An uptick in trading and deal making lifted JPMorgan Chase & Co.’s first-quarter profit out of the funk of late 2011, but the recovery fell short of the good times the largest U.S. bank enjoyed a year ago.
The results beat Wall Street expectations as investment banking revenue rebounded from the fourth quarter. But it was not enough to surpass the levels achieved in the first quarter of last year as net profit fell 3 per cent.
JPMorgan also got a boost from improvements in credit quality and loan demand – a trend seen in the performance of Wells Fargo & Co. as well. The No. 4 U.S. bank separately reported higher first-quarter profit as mortgage banking improved and it set aside less money for bad loans.
“The revenue is what really impressed me. It tells me there’s more economic activity, maybe, than what we were previously thinking – more demand for credit, more demand for banking services, more business out there,” said Joe Terril, founder of Terril & Co, a money manager in St. Louis, Missouri.
The results Friday from two of the largest U.S. banks confirm investor optimism that has fed a market rally this year. The KBW index of bank stocks is up more than 20 per cent this year, and JPMorgan shares are up 32 per cent.
But on Friday, investors appeared to be shifting their focus to gauging the strength of the recovery, and JPMorgan’s numbers gave them reasons to take a breather.
The bank’s net interest margins – a core measure of profitability of banks – fell, and JMP Securities analyst David Trone said traditional banking revenue other than mortgage banking remained sluggish.
The results could raise expectations for rivals such as Goldman Sachs Group Inc., Morgan Stanley, Bank of America Corp. and Citigroup Inc., which are due to report quarterly results in the coming days.
Investors have been keen to hear bank executives say whether they see convincing evidence that business demand for loans will continue to increase, and JPMorgan chief financial officer Doug Braunstein offered them some hope.
Mr. Braunstein said a rise in the bank’s business loan balances reflected, in part, new strength in the economy. JPMorgan also took market share from rivals. Business borrowing is considered a sign of confidence that will lead to more hiring and, in turn, more borrowing from banks by households.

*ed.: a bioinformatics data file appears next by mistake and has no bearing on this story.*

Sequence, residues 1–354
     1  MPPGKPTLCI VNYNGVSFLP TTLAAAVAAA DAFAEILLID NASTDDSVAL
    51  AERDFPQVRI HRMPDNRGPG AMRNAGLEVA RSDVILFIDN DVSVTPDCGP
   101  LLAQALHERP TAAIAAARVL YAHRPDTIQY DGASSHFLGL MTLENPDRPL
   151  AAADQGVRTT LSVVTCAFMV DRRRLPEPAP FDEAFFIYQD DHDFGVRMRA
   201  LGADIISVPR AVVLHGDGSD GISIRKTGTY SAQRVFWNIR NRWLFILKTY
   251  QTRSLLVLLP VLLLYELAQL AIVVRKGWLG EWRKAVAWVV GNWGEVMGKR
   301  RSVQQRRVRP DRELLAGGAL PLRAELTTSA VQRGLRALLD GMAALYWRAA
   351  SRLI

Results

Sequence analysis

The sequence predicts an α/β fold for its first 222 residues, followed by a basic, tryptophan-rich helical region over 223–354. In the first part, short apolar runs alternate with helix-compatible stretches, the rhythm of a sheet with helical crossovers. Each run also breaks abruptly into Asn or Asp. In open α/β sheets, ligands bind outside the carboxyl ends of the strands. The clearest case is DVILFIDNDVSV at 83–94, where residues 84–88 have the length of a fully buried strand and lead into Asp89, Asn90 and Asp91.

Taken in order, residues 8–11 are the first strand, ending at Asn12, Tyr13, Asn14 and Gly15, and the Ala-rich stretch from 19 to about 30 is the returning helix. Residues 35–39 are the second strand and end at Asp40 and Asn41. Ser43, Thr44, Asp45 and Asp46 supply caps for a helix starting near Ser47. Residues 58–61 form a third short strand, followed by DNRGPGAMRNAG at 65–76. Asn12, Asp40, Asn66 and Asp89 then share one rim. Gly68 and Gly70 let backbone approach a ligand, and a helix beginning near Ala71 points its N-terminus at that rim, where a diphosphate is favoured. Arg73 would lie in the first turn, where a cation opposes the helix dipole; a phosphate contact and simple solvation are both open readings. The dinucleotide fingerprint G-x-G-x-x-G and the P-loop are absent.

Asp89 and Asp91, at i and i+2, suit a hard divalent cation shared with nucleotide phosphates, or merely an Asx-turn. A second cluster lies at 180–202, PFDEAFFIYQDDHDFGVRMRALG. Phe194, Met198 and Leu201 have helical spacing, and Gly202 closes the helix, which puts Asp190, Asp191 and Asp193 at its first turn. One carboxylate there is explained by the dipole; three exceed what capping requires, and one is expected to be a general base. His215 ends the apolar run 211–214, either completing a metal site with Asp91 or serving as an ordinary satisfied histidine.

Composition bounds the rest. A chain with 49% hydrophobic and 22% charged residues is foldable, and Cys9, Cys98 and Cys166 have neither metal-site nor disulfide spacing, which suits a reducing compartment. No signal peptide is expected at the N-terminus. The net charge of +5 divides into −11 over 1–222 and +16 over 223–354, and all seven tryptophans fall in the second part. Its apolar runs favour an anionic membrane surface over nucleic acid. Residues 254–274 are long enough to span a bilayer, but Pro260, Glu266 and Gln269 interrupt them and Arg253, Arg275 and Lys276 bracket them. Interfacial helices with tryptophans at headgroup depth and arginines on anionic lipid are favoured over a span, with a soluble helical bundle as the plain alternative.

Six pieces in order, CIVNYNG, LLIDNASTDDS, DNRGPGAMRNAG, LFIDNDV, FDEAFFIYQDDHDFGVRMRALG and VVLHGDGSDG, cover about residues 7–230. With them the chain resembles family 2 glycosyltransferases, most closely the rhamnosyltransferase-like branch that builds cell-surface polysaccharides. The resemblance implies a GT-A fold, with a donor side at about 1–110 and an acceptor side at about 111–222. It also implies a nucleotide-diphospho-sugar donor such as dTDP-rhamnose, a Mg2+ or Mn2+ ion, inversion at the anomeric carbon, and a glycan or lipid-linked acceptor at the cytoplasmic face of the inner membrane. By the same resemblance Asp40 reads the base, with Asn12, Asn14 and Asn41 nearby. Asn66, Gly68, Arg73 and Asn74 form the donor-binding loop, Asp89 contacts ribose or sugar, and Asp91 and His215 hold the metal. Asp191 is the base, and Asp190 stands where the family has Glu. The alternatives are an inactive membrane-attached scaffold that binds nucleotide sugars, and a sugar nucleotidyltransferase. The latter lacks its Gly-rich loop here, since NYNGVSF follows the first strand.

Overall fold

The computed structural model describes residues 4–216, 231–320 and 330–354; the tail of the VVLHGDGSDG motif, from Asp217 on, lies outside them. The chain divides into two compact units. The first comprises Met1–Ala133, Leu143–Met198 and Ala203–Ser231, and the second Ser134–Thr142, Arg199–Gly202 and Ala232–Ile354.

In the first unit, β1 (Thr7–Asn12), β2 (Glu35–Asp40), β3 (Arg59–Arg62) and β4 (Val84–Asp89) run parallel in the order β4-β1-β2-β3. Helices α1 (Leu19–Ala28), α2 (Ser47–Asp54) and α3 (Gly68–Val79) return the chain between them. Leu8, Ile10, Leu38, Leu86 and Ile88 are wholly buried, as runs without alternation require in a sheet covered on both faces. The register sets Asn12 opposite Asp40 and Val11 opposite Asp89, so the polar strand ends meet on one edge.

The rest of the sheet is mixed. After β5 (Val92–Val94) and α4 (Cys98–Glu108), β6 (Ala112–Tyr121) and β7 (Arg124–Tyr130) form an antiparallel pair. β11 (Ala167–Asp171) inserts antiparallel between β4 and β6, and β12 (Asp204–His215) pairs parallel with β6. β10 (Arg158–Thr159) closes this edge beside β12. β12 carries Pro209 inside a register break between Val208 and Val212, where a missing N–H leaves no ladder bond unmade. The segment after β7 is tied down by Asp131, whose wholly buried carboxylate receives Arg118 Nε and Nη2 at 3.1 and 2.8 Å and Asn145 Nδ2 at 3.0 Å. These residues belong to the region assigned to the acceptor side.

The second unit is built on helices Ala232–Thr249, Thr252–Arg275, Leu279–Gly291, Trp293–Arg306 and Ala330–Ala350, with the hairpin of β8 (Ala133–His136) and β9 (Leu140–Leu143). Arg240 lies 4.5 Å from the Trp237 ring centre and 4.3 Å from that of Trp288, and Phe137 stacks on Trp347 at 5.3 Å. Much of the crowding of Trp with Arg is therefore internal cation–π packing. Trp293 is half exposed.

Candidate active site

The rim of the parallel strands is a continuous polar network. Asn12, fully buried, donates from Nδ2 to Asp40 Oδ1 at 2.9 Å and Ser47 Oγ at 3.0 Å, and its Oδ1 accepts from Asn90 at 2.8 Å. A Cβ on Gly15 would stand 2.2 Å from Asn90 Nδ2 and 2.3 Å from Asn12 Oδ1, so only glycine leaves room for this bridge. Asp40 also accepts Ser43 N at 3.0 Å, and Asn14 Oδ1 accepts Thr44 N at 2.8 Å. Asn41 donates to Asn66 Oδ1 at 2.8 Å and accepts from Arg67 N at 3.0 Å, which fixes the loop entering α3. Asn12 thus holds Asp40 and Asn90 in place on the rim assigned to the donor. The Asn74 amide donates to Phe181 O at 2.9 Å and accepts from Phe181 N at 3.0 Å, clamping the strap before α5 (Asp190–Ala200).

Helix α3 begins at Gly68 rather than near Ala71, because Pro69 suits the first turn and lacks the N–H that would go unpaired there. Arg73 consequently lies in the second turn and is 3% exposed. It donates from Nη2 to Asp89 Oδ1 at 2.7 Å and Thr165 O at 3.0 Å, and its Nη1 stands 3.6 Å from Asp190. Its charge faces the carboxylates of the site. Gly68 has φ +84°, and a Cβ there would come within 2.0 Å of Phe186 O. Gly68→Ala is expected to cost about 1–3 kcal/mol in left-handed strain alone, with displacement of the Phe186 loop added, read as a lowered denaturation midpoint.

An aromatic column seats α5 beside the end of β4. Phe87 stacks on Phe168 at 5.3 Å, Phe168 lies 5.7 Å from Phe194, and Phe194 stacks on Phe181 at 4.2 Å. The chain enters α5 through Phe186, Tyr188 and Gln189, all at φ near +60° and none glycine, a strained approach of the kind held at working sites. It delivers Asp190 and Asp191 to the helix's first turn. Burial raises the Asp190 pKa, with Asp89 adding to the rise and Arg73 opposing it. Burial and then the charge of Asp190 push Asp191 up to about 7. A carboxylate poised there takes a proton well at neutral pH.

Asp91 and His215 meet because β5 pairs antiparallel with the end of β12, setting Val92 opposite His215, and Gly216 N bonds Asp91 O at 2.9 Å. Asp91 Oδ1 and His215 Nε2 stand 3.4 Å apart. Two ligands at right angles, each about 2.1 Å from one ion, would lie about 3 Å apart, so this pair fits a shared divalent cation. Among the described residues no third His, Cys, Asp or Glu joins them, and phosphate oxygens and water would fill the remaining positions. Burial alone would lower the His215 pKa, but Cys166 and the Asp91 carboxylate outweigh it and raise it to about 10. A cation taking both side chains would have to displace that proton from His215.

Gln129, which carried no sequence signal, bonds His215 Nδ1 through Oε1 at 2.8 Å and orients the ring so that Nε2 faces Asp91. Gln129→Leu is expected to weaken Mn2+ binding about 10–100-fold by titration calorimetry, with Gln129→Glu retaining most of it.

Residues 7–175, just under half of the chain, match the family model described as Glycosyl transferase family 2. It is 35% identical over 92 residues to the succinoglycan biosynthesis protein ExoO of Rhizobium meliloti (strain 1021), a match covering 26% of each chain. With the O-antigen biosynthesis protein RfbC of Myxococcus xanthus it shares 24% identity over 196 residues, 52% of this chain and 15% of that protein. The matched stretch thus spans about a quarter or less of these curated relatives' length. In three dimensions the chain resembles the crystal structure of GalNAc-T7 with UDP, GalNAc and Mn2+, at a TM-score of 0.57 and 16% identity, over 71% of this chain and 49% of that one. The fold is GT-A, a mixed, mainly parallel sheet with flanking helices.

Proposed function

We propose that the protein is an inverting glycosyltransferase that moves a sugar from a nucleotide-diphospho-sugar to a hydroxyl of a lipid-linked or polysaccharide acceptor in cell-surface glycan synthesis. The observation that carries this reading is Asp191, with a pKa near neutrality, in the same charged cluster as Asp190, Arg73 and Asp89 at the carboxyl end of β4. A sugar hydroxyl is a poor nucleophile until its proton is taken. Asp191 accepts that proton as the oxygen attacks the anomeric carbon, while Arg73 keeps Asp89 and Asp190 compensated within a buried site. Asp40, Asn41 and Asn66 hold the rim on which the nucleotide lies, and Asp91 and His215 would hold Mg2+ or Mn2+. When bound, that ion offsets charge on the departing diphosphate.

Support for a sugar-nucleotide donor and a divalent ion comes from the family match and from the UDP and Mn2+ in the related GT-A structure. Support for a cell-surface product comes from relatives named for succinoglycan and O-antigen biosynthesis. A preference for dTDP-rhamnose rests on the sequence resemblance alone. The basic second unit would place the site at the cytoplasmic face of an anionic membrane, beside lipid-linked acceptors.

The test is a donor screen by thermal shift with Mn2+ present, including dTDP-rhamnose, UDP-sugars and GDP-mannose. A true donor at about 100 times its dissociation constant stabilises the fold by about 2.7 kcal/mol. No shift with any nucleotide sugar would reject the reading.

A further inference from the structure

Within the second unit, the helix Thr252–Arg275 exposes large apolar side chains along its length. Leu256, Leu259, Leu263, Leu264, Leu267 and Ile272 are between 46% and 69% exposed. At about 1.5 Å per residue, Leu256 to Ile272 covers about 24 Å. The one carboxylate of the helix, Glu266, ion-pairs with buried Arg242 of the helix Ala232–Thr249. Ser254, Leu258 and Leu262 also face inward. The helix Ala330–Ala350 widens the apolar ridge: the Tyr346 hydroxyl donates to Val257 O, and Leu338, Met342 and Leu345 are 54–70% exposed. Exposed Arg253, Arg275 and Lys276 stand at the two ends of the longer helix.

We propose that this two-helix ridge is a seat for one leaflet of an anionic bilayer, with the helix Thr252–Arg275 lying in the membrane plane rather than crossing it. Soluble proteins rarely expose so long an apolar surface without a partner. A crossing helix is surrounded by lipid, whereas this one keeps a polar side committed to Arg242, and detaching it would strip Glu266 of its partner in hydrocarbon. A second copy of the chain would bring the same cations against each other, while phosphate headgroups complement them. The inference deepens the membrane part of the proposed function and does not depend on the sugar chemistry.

The bank’s business loan balances at the end of the first quarter were up 3 per cent from the end of December and up 16 per cent from a year earlier.
Business loan balances at U.S. banks as of March 28 were up 14 per cent from a year earlier, according to Federal Reserve data, which uses slightly different measurements.
JPMorgan said first-quarter net income was $5.4-billion, or $1.31 a share, compared with $5.6-billion, or $1.28 a share, a year earlier.
Analysts had been expecting $1.18 a share, according to Thomson Reuters I/B/E/S. Per-share earnings rose because of a 4-per-cent decline in quarter-end share count due to share buybacks.
Mr. Braunstein said special items combined to reduce earnings per share by about 9 cents: expenses for mortgage-related matters and litigation reserves; an accounting adjustment for the value of JPMorgan debt; a boost from reducing reserves for bad loans. In the year-earlier quarter, special items added 3 cents a share.
Revenue was $27.4-billion, up 24 per cent from the 2011 fourth quarter and up 6 per cent from the first quarter of 2011.
Investment banking posted net revenue of $7.3-billion, down 11 per cent from a year earlier but up 68 per cent from the 2011 fourth quarter.
JPMorgan’s retail financial services booked a profit of $1.75-billion, compared with a loss of $399-million a year earlier, when the division was the bank’s worst performing unit. Revenue in the division, which houses the bank’s expanding branch banking system, climbed 40 per cent to $7.65-billion.
“We were expecting a very good quarter and they have outshined even our very high estimates,” said Gary Townsend, president and chief executive of Hill-Townsend Capital. “We’re seeing good credit trends. We’re seeing a snapback in capital markets operations.”
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